Scientists discover a way of & # 39; supercooling & # 39; livers so that their & # 39; transplant window & # 39; It lasts 27 hours – three times longer than currently possible
- Scientists used a cocktail of chemicals, including an ingredient in antifreeze
- They were able to keep livers at temperatures below zero without being frozen
- There are currently 431 people waiting for a donor liver in the UK, data show
- Experts hope that the same method can be used to preserve other donor organs
There is new hope for people on transplant waiting lists, of technology that keeps organs alive longer.
Scientists have discovered a way to & # 39; supercool & & # 39; make livers so that they last three times as long.
It means that the & # 39; transplant window & # 39; to get an organ from a donor to someone who desperately needs it has gone from just nine hours to 27 hours.
The breakthrough, which allows livers to be stored for longer, comes from a cocktail of chemicals, including an ingredient used in antifreeze.
For the first time, human livers can now be stored at temperatures below zero without being frozen, which would destroy them.
Scientists have discovered a way to & # 39; supercool & & # 39; make livers so that they last three times as long (stock)
There are currently 431 people waiting for a liver transplant in the UK and 45 died last year while on the waiting list.
Amid a shortage of organs, despite drivers rushing to get organs to patients, a small number is wasted because they fail to make it on time.
If livers can be stored for longer, this would remove one of the obstacles for people who get the organ they need.
The researchers hope that the same technology can be used to preserve donated kidneys and hearts.
Dr. Shannon Tessier, a co-author of the Harvard Medical School study, said: & # 39; An organ often becomes available when there is no good match around, so in terms of assignment, when you add that extra amount that means that you can search a greater distance, which means that you not only have a good match, but also an excellent match.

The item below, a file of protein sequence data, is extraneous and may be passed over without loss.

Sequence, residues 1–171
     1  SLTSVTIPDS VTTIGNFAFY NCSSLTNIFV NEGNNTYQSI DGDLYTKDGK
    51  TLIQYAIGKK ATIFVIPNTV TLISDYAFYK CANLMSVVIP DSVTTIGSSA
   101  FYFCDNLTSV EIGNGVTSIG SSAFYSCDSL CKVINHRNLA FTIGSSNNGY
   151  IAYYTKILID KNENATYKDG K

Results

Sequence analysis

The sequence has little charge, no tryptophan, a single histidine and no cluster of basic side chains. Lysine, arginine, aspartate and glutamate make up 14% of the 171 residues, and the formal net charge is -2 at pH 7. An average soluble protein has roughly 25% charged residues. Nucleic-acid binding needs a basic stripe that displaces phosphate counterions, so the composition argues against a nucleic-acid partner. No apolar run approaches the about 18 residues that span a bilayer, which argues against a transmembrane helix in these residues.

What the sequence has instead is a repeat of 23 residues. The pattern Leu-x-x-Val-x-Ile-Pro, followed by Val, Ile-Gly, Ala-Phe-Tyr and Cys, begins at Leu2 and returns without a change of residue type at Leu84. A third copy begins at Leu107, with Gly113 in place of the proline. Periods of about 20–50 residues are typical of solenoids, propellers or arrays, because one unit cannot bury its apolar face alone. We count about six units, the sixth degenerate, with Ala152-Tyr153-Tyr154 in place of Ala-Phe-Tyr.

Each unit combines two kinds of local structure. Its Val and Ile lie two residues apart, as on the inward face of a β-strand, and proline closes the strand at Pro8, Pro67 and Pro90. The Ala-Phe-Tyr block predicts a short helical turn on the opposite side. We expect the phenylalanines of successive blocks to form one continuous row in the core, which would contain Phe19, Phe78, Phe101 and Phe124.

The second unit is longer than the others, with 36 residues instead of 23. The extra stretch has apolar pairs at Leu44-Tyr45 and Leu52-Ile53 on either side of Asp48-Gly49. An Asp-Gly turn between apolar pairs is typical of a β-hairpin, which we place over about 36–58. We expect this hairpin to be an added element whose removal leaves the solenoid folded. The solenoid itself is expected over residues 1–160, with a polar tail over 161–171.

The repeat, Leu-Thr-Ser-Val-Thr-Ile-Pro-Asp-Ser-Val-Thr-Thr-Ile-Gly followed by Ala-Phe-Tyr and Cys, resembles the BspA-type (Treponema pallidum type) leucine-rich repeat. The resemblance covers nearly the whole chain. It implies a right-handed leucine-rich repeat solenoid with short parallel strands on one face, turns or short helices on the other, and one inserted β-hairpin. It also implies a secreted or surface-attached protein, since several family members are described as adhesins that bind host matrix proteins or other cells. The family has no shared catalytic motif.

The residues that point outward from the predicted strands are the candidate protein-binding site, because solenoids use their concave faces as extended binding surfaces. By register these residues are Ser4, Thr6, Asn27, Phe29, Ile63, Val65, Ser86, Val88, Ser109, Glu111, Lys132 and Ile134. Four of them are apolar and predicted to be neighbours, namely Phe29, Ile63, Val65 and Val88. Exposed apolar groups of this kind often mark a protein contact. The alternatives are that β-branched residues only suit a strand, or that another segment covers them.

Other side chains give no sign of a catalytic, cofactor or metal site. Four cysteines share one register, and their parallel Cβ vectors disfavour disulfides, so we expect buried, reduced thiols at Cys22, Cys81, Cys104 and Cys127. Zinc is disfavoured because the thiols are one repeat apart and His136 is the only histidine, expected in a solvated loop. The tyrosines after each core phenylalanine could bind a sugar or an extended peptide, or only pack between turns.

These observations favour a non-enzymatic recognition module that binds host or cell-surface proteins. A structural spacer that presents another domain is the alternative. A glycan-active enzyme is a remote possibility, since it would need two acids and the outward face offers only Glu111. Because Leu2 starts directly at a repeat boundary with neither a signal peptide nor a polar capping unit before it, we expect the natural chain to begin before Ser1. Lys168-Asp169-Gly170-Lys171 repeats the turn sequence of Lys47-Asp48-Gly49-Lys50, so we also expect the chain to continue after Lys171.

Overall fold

WHEN IS A LIVER TRANSPLANT NEEDED?
Liver transplants are required when the organ is sick or damaged in such a way that it cannot perform its normal functions, which is known as liver failure or end-stage liver disease.
The liver can gradually become damaged due to illness, infection or alcohol.
This causes it to become scars, which is known as cirrhosis. Inflammation, tissue death and cancer can also lead to a transplant.
In 2015, 611 patients were on the waiting list for a liver transplant in the UK, according to statistics from NHS England. Up to 18 percent die while waiting.
In the US, nearly 17,000 people are waiting for a new liver, according to the Center for Liver Disease and Transplantation at Columbia University.
A donor liver can be removed from a person who has recently died or part of the organ can be taken from a living donor. This is because the liver can regenerate into an organ of normal size.
Donor organs are currently stored through refrigeration and storage in a refrigerator.
& # 39; And that means you throw away fewer organs, get more organs to receivers, and those organs are better aligned with the receivers, meaning that organ can have a longer life within the receiver. & # 39;
It is now thought that one in five people in the UK has non-alcoholic fatty liver, which could increase the demand for liver transplants in the coming years.
But currently, after an organ donor dies, their liver can usually only be transplanted into a patient within nine hours.
This is because livers are stored above the freezing temperature at 4C (39F), which is not cold enough to keep them longer.
There is no choice to go lower than 4 ° C, because ice crystals naturally form in liver cells and tissue at a lower temperature and break down.
Scientists have been looking for a way to get the benefits of freezing without cell damage and have achieved this in rat livers five years ago.
The chemical cocktail they identified contains glycerol, which is used in commercial antifreeze and is found in the human body, a compound called PEG that lowers the temperature at which liver cells freeze, and one called 3-OMG that protects against the cold.
To make their cocktail work in human livers that are 200 times larger than those of rats, they have ensured that they are not exposed to the air, which helps to form ice.
They added two new chemicals to protect the cells and found a way to flush the entire cocktail through the blood vessels of the liver.
It means that livers can be kept at minus 4C (minus 39F) and last longer than a day, which, according to the researchers, can mean the difference between a liver transplant that succeeds or fails.
They have not yet transplanted organs that have been preserved in this way in humans, but hope to be able to do so in pigs the following year.
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